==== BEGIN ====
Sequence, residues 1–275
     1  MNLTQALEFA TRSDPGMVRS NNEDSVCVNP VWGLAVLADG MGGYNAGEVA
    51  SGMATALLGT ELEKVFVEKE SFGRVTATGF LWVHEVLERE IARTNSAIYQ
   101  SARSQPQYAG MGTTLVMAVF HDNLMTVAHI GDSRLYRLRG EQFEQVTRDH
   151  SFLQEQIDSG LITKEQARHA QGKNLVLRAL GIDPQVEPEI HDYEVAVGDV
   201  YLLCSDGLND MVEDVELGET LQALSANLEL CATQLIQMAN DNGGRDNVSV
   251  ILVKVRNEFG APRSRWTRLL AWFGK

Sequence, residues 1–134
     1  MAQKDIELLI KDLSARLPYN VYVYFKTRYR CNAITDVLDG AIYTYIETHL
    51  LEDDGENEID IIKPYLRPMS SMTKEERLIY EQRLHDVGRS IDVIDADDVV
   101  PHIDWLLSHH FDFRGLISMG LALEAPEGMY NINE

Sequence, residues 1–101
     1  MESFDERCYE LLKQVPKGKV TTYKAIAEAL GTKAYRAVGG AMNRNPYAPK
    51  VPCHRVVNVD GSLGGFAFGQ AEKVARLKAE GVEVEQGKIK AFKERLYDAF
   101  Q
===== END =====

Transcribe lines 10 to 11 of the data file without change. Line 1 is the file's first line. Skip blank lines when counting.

    51  LEDDGENEID IIKPYLRPMS SMTKEERLIY EQRLHDVGRS IDVIDADDVV
   101  PHIDWLLSHH FDFRGLISMG LALEAPEGMY NINE